Microsoft UK people, now working for the BBC, suspended after serious issues
Summary: What became of the chief ‘technical’ officer at the BBC (prioritising his previous employer over taxpayers’ needs) and what can be deduced from it
“Another example of suicide by Microsoft” is what the reader who showed us this news called it. With taxpayers’ money and a lot of senior staff from Microsoft UK the BBC has recently been taking a massive hit to its reputation. “Two ex-Mcrosofties join the BBC and both manage to run the DMI project into the ground and spend £98.4m in the process, with nothing to show for it,” says one report. Who didn’t see that coming?
“TO John Linwood, who was the project sponsor and was formerly of Microsoft and Yahoo, has been suspended…”
–IBTImesOne report says that “CTO John Linwood, who was the project sponsor and was formerly of Microsoft and Yahoo, has been suspended from his £280,000-a-year job on full pay and temporarily replaced by technology controler Peter Coles.”
Ashley Highfield is quoted in relation to this news as saying on the 11th of February, 2008, the following nonsense. We have already warned readers that Highfield [1, 2, 3, 4] and Huggers [1, 2] (both from Microsoft UK) went on to infect another company Microsoft would be eager to infect. █
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In Microsoft’s lobbying blog, Microsoft’s patent terrorist, Horacio Gutierrez, pretends that revealing identities sometimes makes extortion and racketeering any more acceptable. It is not hilarious because criminal activities are nothing to joke about.
“If it’s a patent, call it that. If it’s copyright, call it that.”
–iophkMicrosoft has attacked many Linux distributors, if not using litigation then using threats of costly litigation. This was always done behind closed doors, like most criminal activities, impeding investigation and subsequent arrests. What Google got when it bought a part of Motorola was deterrence from Motorola/Google against Microsoft racketeering — an extortion tactic which used the loophole of secrecy and bribes [1, 2, 3]. This has not been successful so far.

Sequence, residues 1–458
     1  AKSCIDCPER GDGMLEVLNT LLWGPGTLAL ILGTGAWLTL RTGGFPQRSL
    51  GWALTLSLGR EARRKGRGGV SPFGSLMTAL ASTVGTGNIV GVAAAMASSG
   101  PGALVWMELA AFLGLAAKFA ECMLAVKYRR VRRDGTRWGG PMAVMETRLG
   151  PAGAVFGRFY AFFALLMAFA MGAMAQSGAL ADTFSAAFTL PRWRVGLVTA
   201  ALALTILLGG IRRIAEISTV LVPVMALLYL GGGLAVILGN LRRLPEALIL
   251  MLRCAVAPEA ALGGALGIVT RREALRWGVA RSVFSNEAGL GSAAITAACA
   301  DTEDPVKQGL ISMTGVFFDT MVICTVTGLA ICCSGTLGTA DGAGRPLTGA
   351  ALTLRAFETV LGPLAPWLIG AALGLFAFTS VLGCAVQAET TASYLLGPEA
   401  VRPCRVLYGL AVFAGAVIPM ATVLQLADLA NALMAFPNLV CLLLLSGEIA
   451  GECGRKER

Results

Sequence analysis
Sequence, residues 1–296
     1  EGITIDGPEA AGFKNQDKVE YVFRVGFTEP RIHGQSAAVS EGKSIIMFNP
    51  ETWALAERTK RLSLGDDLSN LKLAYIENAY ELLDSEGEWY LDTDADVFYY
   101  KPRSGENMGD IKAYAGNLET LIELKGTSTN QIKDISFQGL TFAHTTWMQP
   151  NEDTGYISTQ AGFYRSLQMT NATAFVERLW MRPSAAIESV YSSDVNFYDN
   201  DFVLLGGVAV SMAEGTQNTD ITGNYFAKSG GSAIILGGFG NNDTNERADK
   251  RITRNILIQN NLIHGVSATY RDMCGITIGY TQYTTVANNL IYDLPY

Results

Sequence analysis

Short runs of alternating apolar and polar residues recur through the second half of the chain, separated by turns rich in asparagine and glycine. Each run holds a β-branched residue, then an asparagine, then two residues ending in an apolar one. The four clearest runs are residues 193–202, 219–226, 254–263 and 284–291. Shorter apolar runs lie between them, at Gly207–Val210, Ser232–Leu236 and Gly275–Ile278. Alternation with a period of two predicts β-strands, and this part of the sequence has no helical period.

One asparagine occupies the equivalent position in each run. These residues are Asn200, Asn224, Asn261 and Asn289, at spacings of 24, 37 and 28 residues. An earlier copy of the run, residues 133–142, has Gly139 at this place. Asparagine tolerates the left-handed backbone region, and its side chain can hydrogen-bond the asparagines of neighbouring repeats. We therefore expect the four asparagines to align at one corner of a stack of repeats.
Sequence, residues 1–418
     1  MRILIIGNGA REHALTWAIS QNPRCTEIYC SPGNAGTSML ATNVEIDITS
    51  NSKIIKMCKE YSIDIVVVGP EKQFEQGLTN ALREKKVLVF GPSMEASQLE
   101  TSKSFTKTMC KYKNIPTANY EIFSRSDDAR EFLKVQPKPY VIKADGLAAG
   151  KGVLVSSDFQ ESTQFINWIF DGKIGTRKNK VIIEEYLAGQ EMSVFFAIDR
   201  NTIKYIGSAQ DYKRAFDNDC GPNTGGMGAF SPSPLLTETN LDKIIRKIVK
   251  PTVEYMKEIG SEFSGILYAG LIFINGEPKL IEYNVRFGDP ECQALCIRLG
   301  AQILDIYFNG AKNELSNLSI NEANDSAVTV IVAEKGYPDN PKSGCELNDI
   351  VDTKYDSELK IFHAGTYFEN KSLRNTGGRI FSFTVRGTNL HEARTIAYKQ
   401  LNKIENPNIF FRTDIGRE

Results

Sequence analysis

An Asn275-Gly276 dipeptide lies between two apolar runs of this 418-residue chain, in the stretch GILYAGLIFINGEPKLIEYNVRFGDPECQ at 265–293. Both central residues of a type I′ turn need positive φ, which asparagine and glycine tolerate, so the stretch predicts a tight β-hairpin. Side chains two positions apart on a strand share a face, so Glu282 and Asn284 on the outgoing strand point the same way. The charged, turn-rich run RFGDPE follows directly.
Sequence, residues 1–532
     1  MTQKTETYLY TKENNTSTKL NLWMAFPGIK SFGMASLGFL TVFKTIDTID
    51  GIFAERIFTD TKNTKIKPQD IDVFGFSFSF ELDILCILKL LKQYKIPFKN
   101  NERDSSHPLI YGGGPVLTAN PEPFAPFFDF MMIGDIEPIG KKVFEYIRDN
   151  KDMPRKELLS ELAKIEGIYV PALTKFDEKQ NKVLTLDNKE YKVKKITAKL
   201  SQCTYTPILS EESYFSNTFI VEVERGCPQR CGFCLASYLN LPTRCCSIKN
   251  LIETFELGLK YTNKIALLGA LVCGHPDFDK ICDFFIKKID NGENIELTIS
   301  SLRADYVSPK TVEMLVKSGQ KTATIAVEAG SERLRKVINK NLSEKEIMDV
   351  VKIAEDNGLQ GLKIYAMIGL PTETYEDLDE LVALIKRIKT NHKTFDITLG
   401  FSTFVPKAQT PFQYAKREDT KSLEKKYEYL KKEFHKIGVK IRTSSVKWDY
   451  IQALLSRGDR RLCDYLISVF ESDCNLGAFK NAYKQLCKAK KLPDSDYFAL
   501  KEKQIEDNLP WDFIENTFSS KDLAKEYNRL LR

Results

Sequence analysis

It is funny that amid these Microsoft crimes (RICO Act violations, going by the definition of the Racketeer Influenced and Corrupt Organizations Act) the media is trying to paint Google as the bad player because it obeys and upholds copyright law or sticks to its terms of service.
Here is one report which makes Google sound like a bully. “Like Microsoft doesn’t know this isn’t conformant with what Google told them,” Pamela Jones remarked. The truth is, this is a collaborative effort to obey copyright law. Watch this ugly piece which iophk says is “spinning license violations as a pissing contest”
“When I read “IPR”, I still think “bullshitter”. If it’s a patent, call it that. If it’s copyright, call it that. Don’t bullshit.” █
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“On the same day that CA blasted SCO, Open Source evangelist Eric Raymond revealed a leaked email from SCO’s strategic consultant Mike Anderer to their management. The email details how, surprise surprise, Microsoft has arranged virtually all of SCO’s financing, hiding behind intermediaries like Baystar Capital.”
Summary: SCO’s proxy battle is not over and more stories emerge which serve as reminders of proxy wars
According to SCO specialist/expert Groklaw, IBM has responded to this continued effort by SCO to revive litigation more than ten years after it started. It is being summarised as follows:”IBM has filed its response [PDF] to SCO’s motion asking for reconsideration of the Court’s order denying SCO’s motion to reopen the SCO v. IBM case. I have it as text for you.
“Is SCO selling a lie again?”“IBM tells Judge David Nuffer that it doesn’t oppose reopening the case at all — in fact it says it should happen. IBM has an proposed outline on how to proceed thereafter. Its plan differs from SCO’s.”
The Microsoft booster, in the mean time, took McBride’s claims at face value and wrote: “Darl McBride, the former chief executive officer of SCO, says he was offered $2 million by the Utah attorney general in May 2009 in exchange for taking down a website criticizing an area business person. Still pursuing the years-long legal battle against Novell and IBM over Unix and Linux intellectual property, SCO needed money at the time.”